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13 Law and legal references

13.5 Legislation

13.5.1 UK legislation

A statute’s title should always be in roman, even where a foreign statute is in italics in the original. Older statutes, without a short title, will require the appropriate regnal year (see 11.7) and chapter number. Use Arabic numerals for chapter numbers in Public (General) and Private Acts:

3 & 4 Geo V, c 12, ss 18, 19

Use lower-case Roman numerals in Public (Local) Acts:

3 & 4 Geo V, c xii, ss 18, 19
Scots Acts before the Union of 1707 are cited by year and chapter: 1532, c 40. All Acts passed after 1962 are cited by the calendar year and chapter number of the Act; commas before the date were abolished retroactively in 1963. There is no need for the word ‘of’—except perhaps when discussing a number of Acts with the same title (for example, to distinguish the Criminal Appeals Act of 1907 from that of 1904). Provided the meaning is clear, it is permissible even in text to refer to ‘the 1904 Act’.

Some UK statutes are almost invariably abbreviated, for example PACE (Police and Criminal Evidence Act) and MCAs (Matrimonial Causes Acts). Where such abbreviations will be familiar to readers they may be used, even in text, although it is best to spell a statute out at first mention with the abbreviation in parentheses before relying thereafter simply on the abbreviation. Use an abbreviation where one particular statute is referred to many times throughout the text.

Except at the start of a sentence or when the reference is non-specific, use the following abbreviations: ‘s’, ‘ss’, ‘Pt’, ‘Sch’. For example, paragraph (k) of subsection (4) of section 14 of the Lunacy Act 1934 would be expressed as ‘Lunacy Act 1934, s 14(4)(k)’. There is no space between the bracketed items. In general, prefer ‘section 14(4)’ to ‘subsection (4)’ or ‘paragraph (k)’; if the latter are used, however, they can be abbreviated to ‘subs (3)’ or ‘para (k)’ in notes.

Statutory instruments should be referred to by their name, date, and serial number:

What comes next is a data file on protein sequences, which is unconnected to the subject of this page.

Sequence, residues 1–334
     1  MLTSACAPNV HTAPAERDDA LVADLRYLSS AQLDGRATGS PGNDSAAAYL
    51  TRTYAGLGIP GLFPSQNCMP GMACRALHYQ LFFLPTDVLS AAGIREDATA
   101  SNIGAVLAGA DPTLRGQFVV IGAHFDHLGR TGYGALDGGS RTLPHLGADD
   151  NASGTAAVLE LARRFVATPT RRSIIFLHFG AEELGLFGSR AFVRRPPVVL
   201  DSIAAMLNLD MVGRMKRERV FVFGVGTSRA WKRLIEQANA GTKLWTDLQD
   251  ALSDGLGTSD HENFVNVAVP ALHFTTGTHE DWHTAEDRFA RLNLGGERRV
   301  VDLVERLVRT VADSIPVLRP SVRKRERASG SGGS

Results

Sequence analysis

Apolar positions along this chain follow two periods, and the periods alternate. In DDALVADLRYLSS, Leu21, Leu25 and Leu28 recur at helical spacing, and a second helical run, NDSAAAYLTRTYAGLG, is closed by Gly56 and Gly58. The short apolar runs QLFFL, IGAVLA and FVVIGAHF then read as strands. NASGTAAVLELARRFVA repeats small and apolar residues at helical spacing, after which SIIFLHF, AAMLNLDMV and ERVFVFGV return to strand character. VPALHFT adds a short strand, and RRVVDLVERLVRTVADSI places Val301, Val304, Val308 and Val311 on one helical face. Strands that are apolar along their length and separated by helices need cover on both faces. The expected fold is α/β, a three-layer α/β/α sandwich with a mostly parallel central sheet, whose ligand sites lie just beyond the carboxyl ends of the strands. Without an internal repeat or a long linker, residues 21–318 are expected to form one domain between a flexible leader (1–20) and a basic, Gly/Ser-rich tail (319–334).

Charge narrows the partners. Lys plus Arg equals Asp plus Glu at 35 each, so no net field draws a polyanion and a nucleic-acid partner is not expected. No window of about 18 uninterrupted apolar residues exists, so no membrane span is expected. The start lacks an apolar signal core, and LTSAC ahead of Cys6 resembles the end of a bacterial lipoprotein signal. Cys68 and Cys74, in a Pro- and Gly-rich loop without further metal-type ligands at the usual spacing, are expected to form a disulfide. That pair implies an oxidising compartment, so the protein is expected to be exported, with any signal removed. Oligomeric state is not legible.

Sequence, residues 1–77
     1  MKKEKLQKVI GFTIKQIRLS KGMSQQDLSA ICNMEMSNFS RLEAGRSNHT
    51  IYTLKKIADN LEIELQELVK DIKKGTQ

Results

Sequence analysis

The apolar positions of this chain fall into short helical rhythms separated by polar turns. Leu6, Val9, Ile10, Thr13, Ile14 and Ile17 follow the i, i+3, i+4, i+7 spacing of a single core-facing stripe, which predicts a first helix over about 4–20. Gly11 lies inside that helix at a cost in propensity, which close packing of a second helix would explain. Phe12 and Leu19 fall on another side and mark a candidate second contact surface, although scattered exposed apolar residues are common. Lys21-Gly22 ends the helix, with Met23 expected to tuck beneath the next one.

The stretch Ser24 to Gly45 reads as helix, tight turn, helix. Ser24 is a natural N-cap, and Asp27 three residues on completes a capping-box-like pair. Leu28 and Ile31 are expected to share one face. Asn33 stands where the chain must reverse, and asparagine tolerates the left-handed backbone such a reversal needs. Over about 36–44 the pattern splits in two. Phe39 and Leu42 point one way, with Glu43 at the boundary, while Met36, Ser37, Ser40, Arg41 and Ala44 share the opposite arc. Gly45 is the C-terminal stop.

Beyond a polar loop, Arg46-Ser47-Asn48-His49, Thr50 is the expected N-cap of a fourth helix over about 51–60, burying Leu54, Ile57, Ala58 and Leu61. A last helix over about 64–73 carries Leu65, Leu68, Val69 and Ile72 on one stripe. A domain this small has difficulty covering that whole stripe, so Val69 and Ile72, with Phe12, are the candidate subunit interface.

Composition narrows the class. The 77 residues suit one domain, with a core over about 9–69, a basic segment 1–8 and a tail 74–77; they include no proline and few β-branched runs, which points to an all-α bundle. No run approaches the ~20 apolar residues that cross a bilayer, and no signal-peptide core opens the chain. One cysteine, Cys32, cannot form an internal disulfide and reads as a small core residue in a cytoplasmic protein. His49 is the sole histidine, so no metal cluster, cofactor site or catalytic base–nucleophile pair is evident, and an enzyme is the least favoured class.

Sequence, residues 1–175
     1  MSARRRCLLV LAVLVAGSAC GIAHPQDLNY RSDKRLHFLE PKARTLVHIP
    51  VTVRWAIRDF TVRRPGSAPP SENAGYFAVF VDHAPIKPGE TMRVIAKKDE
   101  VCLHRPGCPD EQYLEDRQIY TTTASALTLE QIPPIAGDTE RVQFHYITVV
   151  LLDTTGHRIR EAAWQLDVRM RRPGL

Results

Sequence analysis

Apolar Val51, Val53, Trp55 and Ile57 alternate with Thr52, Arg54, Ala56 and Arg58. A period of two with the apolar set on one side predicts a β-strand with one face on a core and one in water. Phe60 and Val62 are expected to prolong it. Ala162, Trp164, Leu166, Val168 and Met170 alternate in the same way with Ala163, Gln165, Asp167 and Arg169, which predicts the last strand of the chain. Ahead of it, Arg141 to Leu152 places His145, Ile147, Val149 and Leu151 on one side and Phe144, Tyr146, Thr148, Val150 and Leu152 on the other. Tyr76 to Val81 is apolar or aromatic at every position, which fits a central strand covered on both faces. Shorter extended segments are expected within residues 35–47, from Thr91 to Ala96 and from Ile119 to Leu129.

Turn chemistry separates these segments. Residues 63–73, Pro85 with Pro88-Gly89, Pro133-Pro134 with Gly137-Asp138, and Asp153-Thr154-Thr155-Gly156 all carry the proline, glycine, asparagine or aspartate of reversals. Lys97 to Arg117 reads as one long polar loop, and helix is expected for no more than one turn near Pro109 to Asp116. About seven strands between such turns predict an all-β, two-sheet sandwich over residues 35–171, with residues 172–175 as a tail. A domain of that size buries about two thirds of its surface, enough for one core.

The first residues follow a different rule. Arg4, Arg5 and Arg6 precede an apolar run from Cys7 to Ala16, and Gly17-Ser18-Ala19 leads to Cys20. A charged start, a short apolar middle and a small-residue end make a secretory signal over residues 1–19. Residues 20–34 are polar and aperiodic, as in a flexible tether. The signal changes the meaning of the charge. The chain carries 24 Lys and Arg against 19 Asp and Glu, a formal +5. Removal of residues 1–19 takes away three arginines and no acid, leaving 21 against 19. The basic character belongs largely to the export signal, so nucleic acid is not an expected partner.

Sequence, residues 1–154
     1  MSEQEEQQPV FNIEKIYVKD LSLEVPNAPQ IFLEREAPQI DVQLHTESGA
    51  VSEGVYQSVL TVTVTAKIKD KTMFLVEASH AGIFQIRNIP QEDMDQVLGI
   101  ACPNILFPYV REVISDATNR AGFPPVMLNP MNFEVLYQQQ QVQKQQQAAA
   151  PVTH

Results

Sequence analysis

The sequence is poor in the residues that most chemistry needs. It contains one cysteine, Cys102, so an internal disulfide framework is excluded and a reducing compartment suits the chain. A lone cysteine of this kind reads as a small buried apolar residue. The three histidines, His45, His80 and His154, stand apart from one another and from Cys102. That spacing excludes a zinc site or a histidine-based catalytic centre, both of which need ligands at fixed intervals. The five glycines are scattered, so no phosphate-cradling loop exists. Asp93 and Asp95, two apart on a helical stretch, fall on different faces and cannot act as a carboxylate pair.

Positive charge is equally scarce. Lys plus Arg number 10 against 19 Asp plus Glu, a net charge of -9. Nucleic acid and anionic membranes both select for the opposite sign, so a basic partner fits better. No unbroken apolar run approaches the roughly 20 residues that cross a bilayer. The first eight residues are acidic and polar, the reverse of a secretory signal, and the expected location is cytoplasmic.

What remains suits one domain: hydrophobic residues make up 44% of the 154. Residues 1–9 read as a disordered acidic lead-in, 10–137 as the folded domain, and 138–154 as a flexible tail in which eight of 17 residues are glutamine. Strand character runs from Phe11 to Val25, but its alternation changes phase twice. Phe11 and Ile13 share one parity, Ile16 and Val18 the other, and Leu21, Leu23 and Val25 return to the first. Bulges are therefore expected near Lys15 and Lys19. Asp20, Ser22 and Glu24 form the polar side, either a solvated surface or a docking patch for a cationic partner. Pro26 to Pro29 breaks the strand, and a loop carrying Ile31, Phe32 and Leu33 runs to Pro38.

Local Authority Precepts Order 1897, SR & O 1897/208
Community Charge Support Grant (Abolition) Order 1987, SI 1987/466

No reference should be made to any subsidiary numbering system in the case of Scots instruments, those of a local nature, or those making commencement provisions.

Quote extracts from statutes exactly. Do not amend to improve the sense, and clearly indicate if you correct obvious errors. Omitted text should be indicated by ellipses.

13.5.2 European Union legislation

For primary legislation, include both the formal and informal names in the first reference to a particular treaty:

EC Treaty (Treaty of Rome, as amended), Art 3b
Treaty on European Union (Maastricht Treaty), Art G5c

Cite articles of the treaties without reference to the titles, chapters, or subsections. As part of a reference, abbreviate ‘Article’ to ‘Art’, in roman. Cite protocols to the treaties by their names, preceded by the names of the treaties to which they are appended:

Act of Accession 1985 (Spain and Portugal), Protocol 34
EC Treaty, Protocol on the Statute of the Court of Justice

References to secondary legislation (decisions, directives, opinions, recommendations, and regulations) should be to the texts in the Official Journal of the European Union. The title of the legislation precedes the reference to the source:

Council Directive (EC) 97/1 on banking practice [1997] OJ L234/3
Council Regulation (EEC) 1017/68 applying rules of competition to transport [1968] OJ Spec Ed 302

While it is always important to state the subject matter of EU secondary legislation, the long official title may be abbreviated provided that the meaning is clear. For example, the full title

Commission Notice on agreements of minor importance which do not fall under Article 85(1) of the Treaty establishing the EEC [1986] OJ C231/2, as amended [1994] OJ C368/20
may be abbreviated to
Commission Notice on agreements of minor importance [1986] OJ C231/2, as amended [1994] OJ C368/20

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